What Is Hot Working?

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  • Written By: Paul Reed
  • Edited By: Shereen Skola
  • Last Modified Date: 06 October 2019
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Hot working is a term for heating steel or other metals and then rolling, stamping or hammering them into desired shapes. Heating metals above their critical point, where the metals crystals can flow like very thick liquids, reduces stress and makes them easier to roll or shape. Metal subjected to hot working can be less brittle, or less likely to crack, than metals that are processed cold.

Metals contain a crystal structure, a random mix of many-sided crystals that can be compared to grains of sand. When most metals are at room temperature, the crystals are tightly packed together, and the metal is considered rigid. If the metal is heated above its crystallization temperature, referred to as the critical point, the crystals lose their grip on each other and the metal will flow or can be shaped easily.

Cold working of metals at room temperature creates very tough metal parts, but can cause stresses in the metal leading to eventual cracks or failure. This occurs because the metal crystals cannot move around each other, and they want to return to a lower stress condition. Cold shaping can be compared to stretching a rubber band, with the crystals under stress. Metals can be heated later in a process called annealing, where the metal is heated to a high temperature, held there, then cooled slowly to reduce stress. Hot working prevents this stress and makes the metal much easier to handle.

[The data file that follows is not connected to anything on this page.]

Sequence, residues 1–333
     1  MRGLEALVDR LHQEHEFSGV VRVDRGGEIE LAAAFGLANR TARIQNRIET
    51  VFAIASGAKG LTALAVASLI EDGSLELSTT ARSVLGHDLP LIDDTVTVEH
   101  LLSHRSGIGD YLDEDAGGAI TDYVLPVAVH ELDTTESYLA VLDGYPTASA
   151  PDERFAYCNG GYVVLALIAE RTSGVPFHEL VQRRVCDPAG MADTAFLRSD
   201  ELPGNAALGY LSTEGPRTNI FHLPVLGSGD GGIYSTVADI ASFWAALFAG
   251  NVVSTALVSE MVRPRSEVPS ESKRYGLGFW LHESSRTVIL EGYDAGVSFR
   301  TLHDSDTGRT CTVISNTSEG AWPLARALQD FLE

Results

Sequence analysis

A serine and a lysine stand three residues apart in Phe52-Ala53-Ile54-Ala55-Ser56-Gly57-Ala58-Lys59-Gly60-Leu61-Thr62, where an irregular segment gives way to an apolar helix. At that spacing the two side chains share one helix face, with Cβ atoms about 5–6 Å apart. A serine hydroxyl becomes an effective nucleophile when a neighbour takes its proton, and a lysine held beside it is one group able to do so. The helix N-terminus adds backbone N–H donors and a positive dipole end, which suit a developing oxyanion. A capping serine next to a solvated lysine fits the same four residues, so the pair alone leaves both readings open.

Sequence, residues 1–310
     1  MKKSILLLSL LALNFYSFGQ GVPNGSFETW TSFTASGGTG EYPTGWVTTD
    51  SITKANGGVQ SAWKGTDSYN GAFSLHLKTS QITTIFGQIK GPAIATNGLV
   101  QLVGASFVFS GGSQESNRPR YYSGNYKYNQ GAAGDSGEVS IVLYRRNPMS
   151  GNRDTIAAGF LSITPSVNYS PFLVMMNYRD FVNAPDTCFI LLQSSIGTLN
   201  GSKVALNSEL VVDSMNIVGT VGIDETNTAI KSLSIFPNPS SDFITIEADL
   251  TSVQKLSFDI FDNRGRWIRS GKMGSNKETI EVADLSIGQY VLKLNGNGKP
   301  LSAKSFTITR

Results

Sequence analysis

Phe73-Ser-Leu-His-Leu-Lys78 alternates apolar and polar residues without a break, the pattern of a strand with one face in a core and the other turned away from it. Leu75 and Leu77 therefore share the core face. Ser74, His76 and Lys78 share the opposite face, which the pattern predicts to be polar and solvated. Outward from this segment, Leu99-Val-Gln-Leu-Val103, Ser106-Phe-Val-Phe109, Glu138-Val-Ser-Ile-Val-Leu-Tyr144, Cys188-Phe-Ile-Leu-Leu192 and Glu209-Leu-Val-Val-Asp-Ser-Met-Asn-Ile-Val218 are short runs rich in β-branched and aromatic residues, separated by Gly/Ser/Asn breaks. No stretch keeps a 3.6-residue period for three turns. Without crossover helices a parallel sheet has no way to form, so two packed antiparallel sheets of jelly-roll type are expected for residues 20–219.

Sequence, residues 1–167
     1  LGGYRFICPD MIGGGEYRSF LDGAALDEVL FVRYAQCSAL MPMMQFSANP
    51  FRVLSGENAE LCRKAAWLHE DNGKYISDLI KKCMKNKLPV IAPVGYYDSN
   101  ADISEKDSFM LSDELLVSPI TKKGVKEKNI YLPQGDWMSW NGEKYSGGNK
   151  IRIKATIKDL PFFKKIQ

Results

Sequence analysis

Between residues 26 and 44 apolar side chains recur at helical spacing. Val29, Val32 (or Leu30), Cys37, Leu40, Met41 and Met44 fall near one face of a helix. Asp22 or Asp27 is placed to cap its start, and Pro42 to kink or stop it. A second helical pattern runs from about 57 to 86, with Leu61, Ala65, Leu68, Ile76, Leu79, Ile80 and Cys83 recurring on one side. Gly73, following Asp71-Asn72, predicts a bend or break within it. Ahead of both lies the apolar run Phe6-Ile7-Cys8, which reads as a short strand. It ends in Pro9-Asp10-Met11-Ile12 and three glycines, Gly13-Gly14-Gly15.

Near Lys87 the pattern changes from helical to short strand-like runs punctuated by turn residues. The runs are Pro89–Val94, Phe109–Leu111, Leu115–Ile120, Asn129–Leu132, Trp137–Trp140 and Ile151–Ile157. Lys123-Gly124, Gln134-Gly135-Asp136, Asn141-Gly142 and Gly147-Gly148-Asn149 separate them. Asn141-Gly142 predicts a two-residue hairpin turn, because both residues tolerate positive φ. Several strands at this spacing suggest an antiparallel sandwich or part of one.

When hot metals are rolled, the metal crystals will slide along each other, and change shape from circular to long and thinner shapes. This change can make the metal stronger in the direction of the crystals, but weaker if force is added opposite to the direction. Rolled metals can be annealed to recover some of the original crystal shape, which strengthens the metal.

Working at higher temperatures creates a ductile metal, which is a metal that can flex or is less brittle. Ductility can be a disadvantage for parts that need high impact resistance, such as tools or blades. Hot working can be followed by tempering, which is heating followed by rapid cooling in water or oil, to regain some of the toughness of cold worked metal.

One disadvantage of hot working is the temperature required to reach the critical point of some metals. Some high-strength steels can require heating to very high temperatures to permit working without creating metal stresses. These temperatures can require special machine tools capable of maintaining their own strength and toughness when exposed to the high metal temperatures. This equipment may also require high-temperature heating circuits on rollers or stamping parts to keep the metal hot and prevent cold working.


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